Most hotel rooms have safes to store your personal items, depending on how much money and documentation you want to bring along during the day. Over the course of my two-week visit, I left money and my passport in each of my rooms and never had an issue with housekeeping. Similarly, I was never once asked for my passport when I was out and about in the city.
Security is much tighter at Abuja and Lagos airports. The man known as the “underwear bomber” (who attempted to blow up a plane in 2009) started his journey in Lagos, so the airport authority now has to take extra measures to secure each of the flights — especially if they’re headed to Europe or the United States. My journey from Abuja to Frankfurt was prefaced by three baggage x-rays and two manual carry-on checks. It’s nice to know that security is so thorough — just be prepared to pay for it in lost time.
Corruption is actually a big matter of discussion in Nigeria, especially with scam stories filtering out to the West. In reality, much of the corruption in the country resides in higher echelons of the public sector, so most tourists won’t be exposed to it, but it still may crop up here and there.
You’ve got the highest chance of seeing corruption in the immigration and local police sectors. After reading an article in a popular men’s magazine about another writer’s corruption-filled week in Lagos, I was prepared to get shaken down at the airport for my yellow fever vaccination card, but pushing past immigration at the arrivals hall I encountered no resistance whatsoever. In fact, I made it all the way out to the street before anyone even bothered to talk to me, and it was just a cabbie looking for a fare into the city.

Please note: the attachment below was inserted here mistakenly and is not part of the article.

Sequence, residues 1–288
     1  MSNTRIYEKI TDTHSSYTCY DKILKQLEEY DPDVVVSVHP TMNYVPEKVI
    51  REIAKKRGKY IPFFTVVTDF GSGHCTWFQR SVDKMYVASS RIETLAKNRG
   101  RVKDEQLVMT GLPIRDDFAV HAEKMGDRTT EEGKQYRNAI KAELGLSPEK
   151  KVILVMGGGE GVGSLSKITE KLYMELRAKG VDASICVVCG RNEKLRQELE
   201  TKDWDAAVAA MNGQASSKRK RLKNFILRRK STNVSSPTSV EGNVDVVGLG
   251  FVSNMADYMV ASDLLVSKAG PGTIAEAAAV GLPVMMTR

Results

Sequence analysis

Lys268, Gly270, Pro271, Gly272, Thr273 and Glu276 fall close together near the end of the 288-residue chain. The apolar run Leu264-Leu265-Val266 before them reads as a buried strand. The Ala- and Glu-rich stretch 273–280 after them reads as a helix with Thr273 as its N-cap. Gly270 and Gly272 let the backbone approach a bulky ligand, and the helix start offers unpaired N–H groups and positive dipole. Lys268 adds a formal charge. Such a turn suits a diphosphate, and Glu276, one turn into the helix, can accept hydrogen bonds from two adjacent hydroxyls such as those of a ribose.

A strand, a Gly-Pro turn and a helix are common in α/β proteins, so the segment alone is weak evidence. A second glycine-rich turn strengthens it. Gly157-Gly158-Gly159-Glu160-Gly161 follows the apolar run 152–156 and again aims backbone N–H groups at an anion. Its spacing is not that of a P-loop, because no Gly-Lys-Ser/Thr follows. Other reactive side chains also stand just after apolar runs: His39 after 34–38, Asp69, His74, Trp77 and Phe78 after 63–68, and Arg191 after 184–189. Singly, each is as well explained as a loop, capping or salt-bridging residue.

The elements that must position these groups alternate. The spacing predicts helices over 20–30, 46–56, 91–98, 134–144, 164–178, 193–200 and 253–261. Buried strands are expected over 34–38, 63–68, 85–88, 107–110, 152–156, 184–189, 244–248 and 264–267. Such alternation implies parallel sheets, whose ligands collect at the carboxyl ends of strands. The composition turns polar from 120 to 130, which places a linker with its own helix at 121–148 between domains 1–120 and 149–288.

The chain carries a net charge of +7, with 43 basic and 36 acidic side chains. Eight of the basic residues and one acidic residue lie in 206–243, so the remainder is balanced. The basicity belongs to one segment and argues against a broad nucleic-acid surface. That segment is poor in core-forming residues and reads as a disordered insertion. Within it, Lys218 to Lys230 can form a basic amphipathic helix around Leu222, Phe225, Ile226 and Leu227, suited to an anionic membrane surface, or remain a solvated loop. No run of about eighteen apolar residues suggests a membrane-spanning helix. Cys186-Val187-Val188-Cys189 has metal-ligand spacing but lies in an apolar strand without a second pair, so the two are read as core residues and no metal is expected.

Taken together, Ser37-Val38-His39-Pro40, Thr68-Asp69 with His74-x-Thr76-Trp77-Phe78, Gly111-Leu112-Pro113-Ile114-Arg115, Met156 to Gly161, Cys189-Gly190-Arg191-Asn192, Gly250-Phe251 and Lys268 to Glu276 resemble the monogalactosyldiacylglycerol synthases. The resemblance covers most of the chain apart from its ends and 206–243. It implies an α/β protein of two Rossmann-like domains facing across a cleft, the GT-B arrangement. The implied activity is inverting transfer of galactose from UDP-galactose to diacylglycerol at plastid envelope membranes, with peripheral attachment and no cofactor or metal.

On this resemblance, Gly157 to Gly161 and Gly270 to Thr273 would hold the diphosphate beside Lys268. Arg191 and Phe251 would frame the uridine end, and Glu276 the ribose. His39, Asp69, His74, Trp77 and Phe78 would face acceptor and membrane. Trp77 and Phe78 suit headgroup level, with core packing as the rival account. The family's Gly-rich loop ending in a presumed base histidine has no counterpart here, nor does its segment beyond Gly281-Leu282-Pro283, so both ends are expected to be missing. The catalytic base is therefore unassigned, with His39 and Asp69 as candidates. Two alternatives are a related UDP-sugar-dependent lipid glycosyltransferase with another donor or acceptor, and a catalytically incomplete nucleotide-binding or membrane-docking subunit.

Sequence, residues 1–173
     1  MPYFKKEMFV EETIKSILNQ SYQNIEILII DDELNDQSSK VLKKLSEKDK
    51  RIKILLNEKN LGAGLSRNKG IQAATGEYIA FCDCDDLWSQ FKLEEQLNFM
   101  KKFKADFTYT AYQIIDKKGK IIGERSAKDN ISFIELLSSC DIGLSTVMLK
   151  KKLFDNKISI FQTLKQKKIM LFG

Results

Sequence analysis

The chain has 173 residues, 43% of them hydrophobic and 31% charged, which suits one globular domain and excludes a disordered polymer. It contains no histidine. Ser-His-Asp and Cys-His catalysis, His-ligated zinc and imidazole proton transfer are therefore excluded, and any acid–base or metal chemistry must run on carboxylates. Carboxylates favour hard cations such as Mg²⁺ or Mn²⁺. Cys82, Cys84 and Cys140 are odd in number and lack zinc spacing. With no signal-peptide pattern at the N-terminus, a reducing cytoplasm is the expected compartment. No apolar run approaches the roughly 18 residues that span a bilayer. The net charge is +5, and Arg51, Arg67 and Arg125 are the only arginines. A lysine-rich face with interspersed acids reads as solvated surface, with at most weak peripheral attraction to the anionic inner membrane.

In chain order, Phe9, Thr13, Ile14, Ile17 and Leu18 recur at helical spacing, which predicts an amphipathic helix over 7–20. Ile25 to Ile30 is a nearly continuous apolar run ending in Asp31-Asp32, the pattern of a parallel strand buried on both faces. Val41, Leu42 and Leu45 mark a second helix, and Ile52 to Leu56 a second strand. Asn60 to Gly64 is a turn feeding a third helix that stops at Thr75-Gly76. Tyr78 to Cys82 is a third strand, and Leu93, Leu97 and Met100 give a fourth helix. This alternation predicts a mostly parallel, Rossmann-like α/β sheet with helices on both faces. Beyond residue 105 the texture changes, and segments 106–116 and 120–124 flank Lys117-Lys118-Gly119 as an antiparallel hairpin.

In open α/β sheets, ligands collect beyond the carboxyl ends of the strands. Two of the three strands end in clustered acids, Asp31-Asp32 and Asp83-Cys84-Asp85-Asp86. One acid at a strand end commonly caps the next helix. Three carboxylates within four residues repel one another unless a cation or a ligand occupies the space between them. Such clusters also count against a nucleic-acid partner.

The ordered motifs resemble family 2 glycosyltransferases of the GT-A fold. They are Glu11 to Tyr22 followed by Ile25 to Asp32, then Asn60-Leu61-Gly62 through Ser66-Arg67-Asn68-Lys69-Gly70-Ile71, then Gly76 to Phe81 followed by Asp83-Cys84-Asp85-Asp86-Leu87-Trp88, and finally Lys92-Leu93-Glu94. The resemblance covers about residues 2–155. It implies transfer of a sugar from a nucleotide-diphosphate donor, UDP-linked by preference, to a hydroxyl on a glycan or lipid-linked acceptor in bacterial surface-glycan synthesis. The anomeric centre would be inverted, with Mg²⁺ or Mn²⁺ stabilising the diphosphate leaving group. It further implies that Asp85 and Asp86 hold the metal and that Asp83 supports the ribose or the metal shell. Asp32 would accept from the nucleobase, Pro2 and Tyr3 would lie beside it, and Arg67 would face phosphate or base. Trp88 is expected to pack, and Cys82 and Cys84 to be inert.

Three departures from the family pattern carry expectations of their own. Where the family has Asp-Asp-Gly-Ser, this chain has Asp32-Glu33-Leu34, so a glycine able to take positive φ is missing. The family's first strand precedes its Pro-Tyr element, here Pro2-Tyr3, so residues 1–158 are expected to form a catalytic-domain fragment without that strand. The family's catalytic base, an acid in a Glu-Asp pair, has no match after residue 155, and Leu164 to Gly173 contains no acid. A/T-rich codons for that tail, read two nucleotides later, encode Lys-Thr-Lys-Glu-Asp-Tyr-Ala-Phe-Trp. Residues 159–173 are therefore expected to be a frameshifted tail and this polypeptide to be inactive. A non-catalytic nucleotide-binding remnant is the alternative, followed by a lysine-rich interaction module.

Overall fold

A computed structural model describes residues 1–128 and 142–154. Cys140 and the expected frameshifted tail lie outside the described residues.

More prominent among the corrupt are the local police officers. Though moving traffic violation stops are rare, nightfall brings numerous checkpoints around the city, you’ll likely be stopped by a group of officers with automatic weapons asking about your intentions. Most of them are just looking for a small tip of N300, but the irregularity and the unpredictability of the checkpoints can be quite irritating.
Police also tend to leave most foreign-looking people alone, knowing that they have a higher probability to cause issues with the local consulate or send dispatches home to local media. A recent recording of a local sergeant soliciting bribes and the subsequent fallout also helped reduce the incidence of shakedowns.
Most of the corruption that travelers see is also limited to Lagos. In Abuja, where the majority of the government infrastructure resides and congestion isn’t as unruly, there aren’t as many traffic officers lording over the streets.
Reduced corruption in Abuja can also be extended back to general safety in the city. As a quieter, more suburban city, Abuja lacks the harried disorder and unease that Lagos often has. There just isn’t enough capacity to cause many problems here.
Still, it’s worth being careful and planning ahead in Abuja, though chances are you’ll have no choice. You’ll need to find a car to travel almost anywhere in the city, and that comes with an added layer of security.